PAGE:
The Brazos Valley Council on Alcohol and Substance Abuse recently received several grants worth about $1.22 million over five years from the Texas Health and Human Services Commission. The funds will support its school-based education programs and community coalitions designed to prevent underage alcohol and drug use, as well as substance abuse across all ages.
BVCASA staff members said in a Friday interview with The Eagle that the grant was the first in several years to help them conduct evidence-based curriculum education in elementary schools across the area. The funding will also assist middle school and high school programming, including their Vikings Kicking Out Tobacco (VKOT) program at Bryan High School, according to VKOT coordinator Alton “Tiger” Burton.
“The grants help us to provide a wide gamut of things that we offer,” Burton said. “Some of the grants will help us work in seven counties to provide K-12 education on anything from social norms to behaviors, discrimination, communication skills — it’s teaching kids a lot of things, as well as the dangers and the impacts of drugs and alcohol.”
Mary Mattingly, who works as BVCASA’s director of prevention services, said the programs for younger children focus less on direct conversation about substances and more on behavior and goal-setting.
“We talk to elementary kids about self-esteem, values, how to make good decisions and how to set goals,” Mattingly said.
Mattingly said some of the funding will also support BVCASA’s Prevention Resource Center (PRC), which she said serves 30 counties and provides services including annual needs assessments, tobacco compliance checks, training coordination and promoting drug use prevention messaging.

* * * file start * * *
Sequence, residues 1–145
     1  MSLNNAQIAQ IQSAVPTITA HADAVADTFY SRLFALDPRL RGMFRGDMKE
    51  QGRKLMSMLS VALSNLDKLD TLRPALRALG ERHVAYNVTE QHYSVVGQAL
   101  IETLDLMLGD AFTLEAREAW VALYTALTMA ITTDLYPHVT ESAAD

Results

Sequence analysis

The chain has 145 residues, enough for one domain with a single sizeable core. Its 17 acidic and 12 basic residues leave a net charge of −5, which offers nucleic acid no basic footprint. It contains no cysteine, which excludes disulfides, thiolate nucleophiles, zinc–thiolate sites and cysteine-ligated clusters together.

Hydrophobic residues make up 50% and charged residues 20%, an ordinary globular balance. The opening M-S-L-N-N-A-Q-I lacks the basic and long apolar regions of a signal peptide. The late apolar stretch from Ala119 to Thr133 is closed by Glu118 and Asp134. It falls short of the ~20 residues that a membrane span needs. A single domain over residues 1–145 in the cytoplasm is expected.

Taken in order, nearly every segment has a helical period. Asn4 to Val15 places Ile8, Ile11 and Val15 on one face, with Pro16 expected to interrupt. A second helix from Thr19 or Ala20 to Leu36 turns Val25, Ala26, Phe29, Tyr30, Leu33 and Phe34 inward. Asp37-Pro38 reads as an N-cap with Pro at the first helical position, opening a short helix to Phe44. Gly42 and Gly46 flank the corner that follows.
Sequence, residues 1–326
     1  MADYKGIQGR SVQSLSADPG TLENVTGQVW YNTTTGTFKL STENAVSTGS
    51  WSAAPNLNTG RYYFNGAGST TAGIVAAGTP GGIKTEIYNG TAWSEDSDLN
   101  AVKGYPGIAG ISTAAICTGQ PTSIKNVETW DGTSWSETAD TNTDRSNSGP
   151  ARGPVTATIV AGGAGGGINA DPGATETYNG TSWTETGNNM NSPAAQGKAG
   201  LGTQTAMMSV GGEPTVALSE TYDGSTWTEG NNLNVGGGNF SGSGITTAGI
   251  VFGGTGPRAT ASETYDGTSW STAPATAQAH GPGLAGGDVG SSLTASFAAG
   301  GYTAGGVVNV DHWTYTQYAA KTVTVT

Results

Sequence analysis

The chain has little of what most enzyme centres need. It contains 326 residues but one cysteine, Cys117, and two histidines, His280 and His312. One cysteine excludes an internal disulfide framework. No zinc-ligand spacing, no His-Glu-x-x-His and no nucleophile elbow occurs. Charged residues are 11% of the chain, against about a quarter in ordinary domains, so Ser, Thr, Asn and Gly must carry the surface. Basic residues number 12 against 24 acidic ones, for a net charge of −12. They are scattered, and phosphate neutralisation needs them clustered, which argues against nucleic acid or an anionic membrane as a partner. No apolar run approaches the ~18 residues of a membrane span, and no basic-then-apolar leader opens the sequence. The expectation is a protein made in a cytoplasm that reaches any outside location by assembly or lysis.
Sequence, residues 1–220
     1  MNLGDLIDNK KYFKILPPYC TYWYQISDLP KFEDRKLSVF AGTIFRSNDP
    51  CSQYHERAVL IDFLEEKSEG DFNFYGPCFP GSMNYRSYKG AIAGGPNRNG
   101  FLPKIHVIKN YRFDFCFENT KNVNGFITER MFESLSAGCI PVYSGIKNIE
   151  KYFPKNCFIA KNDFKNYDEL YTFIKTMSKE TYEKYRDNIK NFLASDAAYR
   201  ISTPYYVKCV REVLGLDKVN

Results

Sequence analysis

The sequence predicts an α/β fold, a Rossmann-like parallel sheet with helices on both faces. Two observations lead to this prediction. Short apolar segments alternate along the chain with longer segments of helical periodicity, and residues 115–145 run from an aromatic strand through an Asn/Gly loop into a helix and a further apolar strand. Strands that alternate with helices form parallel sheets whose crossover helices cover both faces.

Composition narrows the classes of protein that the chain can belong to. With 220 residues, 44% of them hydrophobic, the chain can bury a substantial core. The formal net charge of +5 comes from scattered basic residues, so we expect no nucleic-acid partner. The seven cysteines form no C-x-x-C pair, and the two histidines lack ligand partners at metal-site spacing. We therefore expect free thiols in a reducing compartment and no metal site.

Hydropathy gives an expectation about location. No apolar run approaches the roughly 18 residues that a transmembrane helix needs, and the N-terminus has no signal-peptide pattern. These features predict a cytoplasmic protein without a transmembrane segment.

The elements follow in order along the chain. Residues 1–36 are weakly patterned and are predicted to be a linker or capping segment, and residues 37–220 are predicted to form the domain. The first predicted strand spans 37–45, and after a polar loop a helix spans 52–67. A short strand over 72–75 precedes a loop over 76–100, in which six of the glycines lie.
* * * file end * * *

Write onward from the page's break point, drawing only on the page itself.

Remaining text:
Sarah Sanchez, a public relations coordinator for the PRC, said that BVCASA’s work is to address alcohol and other substance abuse issues as a public health issue. Sanchez said her organization works to address environmental factors that may individuals’ reliance of substances, from family conditions.
“Something we say all the time is that substance use doesn’t just affect the person using the substance,” Sanchez said. “It affects everybody around them.”
Sanchez said that the “All-Star” middle school curriculum builds on some of the themes explored in the elementary school program, Too Good For Drugs, that BVCASA uses.
“I think starting at the elementary level is where it should be talked about first, because around age 11 or 12 is where you may see the first-time use of alcohol or tobacco or marijuana,” Sanchez said.
“These curricula build on each other,” Mattingly added. “You start with very elementary education — nothing to scare children, and no scare tactics are used.”
Sanchez, Mattingly and associate prevention specialist Bill Roberts said that the funding also supports BVCASA’s community coalition work. Roberts coordinates one such program at Blinn College. He said that the Blinn Community Coalition gives students opportunities to talk about prevention in settings that don’t align with that of a traditional classroom. He said he is proposing a group that meets twice monthly at Blinn and combines substance abuse prevention messages with enjoyable social activities.
Sanchez said that the coalitions, which also include VKOT at Bryan High and a Zero Tolerance Coalition at Hearne High School, “empower people to be engaged.”
“The funding will help people attend coalition meetings and to effectively implement the strategies they’ve come up with to help educate the community about the prevention of substances,” she said.
“Ultimately, the money will help us to be able to promote a healthier community,” Burton said. “Essentially, that’s why we’re all doing the work that we do at BVCASA. We want our community to be healthy and safe. We do that by educating — at the elementary level, the middle school level, the high school level and with adults.”
To learn more, contact BVCASA’s Prevention Services at 979-846-3560 or by visiting bvcasa.org.